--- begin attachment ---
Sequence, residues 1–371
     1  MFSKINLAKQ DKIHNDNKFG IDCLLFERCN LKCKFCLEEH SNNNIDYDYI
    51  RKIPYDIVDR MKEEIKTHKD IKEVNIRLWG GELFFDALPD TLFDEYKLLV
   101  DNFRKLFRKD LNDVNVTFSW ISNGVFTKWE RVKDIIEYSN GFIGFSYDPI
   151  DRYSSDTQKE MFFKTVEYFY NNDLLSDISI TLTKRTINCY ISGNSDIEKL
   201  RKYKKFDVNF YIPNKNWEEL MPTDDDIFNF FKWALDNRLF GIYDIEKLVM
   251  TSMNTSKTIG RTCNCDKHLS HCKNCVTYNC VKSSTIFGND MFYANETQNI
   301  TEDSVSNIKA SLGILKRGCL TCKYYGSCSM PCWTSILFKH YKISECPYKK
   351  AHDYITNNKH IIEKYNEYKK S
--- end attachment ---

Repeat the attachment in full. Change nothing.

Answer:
Sequence, residues 1–371
     1  MFSKINLAKQ DKIHNDNKFG IDCLLFERCN LKCKFCLEEH SNNNIDYDYI
    51  RKIPYDIVDR MKEEIKTHKD IKEVNIRLWG GELFFDALPD TLFDEYKLLV
   101  DNFRKLFRKD LNDVNVTFSW ISNGVFTKWE RVKDIIEYSN GFIGFSYDPI
   151  DRYSSDTQKE MFFKTVEYFY NNDLLSDISI TLTKRTINCY ISGNSDIEKL
   201  RKYKKFDVNF YIPNKNWEEL MPTDDDIFNF FKWALDNRLF GIYDIEKLVM
   251  TSMNTSKTIG RTCNCDKHLS HCKNCVTYNC VKSSTIFGND MFYANETQNI
   301  TEDSVSNIKA SLGILKRGCL TCKYYGSCSM PCWTSILFKH YKISECPYKK
   351  AHDYITNNKH IIEKYNEYKK S